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In God (and Congress) We Trust

So many gods, so many creeds,
So many paths that wind and wind,
When just the art of being kind
Is all this sad world needs.
Ella Wheeler Wilcox, The World’s Need

The good news is that Congress can multitask. In that respect it resembles the 21st Century adolescent. As with adolescents, however, it is not always clear that Congress does it well. At a time when the country faces the prospect of a shutdown because of the inability of members of Congress to work together, some of its members have introduced a bill that in significance, equals House Bill 1 that promised to repeal the Health Care law passed in 2010 and House Bill 3 that redefined rape for purposes of preventing federal funding for abortions. A group of House Members who are probably not involved in trying to solve the budget problems and, therefore, have lots of time on their hands while that particular problem is being unresolved, got together over drinks and decided to introduce House Concurrent Resolution 13. Although not on the level of repealing health care or redefining rape, it is important in its own way, just as reading the Constitution of the United States aloud on the floor of the House when it first convened was important for reasons more significant than simply proving that the participants knew how to read. House Congressional Resolution 13 defends four words that its proponents feel need defending-“In God We Trust.”

In God we trust

Described as a “motto”, it was first adopted in 1956 when the cold war was flourishing and Congress felt it needed a motto to distinguish the United States from the Soviet Union which did not, of course, trust in God but in Karl Marx or someone like him. The adoption was a joint resolution of Congress and was signed on July 30, 1956 by President Dwight D. Eisenhower. The reason for the introduction of the HCR 13 may lie in the dissent in the 1984 case of Lynch v. Donnelly. The dissenting justices in that case observed, when commenting on what would constitute a state sanctioning of religion, that the words “In God We Trust” had lost their religious significance. They said that “such practices as the designation of “In God We Trust” as our national motto, or the references to God contained in the Pledge of Allegiance to the flag can best be understood, in Dean Rostow’s apt phrase, as a form of “ceremonial deism,” protected from Establishment Clause scrutiny chiefly because they have lost through rote repetition any significant religious content.” It is likely that Congressman Randy Forbes (R.Va.) the author of the resolution was leafing through Supreme Court opinions in his spare time and came across that phrase. He decided that if “In God We Trust” was said by a United States Supreme Court Justice to be nothing more than a “ceremonial deism, he would fix that even though the Court’s observation was made 25 years earlier.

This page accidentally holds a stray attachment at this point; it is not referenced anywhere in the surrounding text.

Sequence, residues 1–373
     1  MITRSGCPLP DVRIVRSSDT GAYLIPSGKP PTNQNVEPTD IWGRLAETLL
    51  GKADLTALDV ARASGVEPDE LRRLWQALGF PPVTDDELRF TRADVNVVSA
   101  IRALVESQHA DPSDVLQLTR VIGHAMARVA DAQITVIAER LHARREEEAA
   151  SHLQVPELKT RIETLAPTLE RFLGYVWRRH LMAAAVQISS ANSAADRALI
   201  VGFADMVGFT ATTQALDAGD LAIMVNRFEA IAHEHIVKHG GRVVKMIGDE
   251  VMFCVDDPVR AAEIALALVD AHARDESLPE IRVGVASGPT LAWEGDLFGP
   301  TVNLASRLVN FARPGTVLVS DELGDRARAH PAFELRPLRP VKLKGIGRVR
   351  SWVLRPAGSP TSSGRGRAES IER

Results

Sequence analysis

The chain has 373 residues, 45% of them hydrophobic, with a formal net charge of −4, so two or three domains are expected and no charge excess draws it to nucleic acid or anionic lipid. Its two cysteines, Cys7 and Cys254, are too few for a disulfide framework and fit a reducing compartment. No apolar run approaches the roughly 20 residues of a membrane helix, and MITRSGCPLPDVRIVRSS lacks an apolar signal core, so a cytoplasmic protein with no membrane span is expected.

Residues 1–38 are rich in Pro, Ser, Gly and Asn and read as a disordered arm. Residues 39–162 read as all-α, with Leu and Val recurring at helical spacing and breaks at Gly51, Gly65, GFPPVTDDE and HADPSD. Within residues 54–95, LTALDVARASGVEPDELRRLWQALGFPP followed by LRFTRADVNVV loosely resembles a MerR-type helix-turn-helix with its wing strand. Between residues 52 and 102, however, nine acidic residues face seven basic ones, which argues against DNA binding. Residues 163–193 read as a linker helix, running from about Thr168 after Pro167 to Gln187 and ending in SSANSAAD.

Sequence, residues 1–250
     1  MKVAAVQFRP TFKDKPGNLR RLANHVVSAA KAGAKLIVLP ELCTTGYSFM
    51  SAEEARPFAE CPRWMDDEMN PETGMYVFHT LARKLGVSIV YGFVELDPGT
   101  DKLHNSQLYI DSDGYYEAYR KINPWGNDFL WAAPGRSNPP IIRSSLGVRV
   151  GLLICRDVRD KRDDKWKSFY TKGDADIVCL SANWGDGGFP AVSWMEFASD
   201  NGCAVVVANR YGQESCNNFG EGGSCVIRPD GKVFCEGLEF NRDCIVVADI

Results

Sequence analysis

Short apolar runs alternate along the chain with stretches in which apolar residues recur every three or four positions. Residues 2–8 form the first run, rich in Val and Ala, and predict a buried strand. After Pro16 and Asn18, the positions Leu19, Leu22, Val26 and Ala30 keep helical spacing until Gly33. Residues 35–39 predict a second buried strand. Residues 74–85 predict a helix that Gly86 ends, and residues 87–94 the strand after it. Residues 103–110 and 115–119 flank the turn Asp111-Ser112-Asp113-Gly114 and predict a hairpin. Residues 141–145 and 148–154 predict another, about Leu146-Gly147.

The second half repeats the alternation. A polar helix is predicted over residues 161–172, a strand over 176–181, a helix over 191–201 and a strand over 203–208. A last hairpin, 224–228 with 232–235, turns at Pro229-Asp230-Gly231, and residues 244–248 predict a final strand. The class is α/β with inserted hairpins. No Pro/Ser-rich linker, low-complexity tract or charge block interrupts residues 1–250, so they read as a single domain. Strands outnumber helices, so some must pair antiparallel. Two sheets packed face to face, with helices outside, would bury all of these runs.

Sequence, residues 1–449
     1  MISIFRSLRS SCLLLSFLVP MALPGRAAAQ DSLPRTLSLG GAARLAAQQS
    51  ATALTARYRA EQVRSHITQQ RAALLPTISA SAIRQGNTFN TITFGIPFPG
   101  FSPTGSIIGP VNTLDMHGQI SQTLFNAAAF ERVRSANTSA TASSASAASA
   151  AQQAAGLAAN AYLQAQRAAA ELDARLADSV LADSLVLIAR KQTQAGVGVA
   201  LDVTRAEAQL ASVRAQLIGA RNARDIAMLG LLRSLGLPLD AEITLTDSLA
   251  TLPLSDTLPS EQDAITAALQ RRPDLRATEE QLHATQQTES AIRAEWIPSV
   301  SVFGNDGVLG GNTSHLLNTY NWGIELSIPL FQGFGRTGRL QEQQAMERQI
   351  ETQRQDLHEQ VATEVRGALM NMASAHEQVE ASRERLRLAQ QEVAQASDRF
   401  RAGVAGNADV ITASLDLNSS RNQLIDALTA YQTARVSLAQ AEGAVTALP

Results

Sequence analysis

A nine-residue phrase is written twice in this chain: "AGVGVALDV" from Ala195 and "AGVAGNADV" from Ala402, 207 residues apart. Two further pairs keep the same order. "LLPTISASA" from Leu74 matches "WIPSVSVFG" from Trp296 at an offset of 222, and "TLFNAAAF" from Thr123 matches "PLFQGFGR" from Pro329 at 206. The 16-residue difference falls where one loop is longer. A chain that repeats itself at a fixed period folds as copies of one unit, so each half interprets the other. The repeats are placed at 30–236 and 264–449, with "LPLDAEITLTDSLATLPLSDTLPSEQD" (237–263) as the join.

The goal of the Resolution is to reaffirm “’In God We Trust’” as the official motto of the United States and supporting and encouraging the public display of the national motto in all public buildings, public schools, and other government institutions.” The first “whereas” clause acknowledges that those four words are the official motto of the United States. This resolution is, however, considerably better than the one that is already on the books having been signed by President Eisenhower. It recites a litany of instances in which the citizens have turned to God for succor even though many of those citizens may in fact not believe in the same God as Randy and his colleagues. It observes that the words appear in the National Anthem, over the entrance to the Senate Chamber and above the Speaker’s rostrum in the House Chamber. It further says that “if religion and morality are taken out of the marketplace of ideas, the very freedom on which the United States was founded cannot be secured. ” Although unsaid, given the context the word religion clearly refers only to Christianity. The resolution ends with a statement that Congress not only reaffirms the motto but “encourages the public display of the national motto in all public buildings, public schools, and other government institutions.”

Ronald A. Lindsay is the president and CEO of the Center for Inquiry. He objects to the resolution and says: “The American people should be free to come to their own conclusions on religious issues without prodding, oversight, or manipulation by the government. God-if there is one-does not need the government as a publicist.” He’s right about God but overlooks the fact that Randy and his 64 House co-sponsors need the Resolution for publicity purposes. Defense of the Almighty, they hope, will relieve them from any blame for failing to address the more substantive issues facing the country. The next election will tell them whether they were right.

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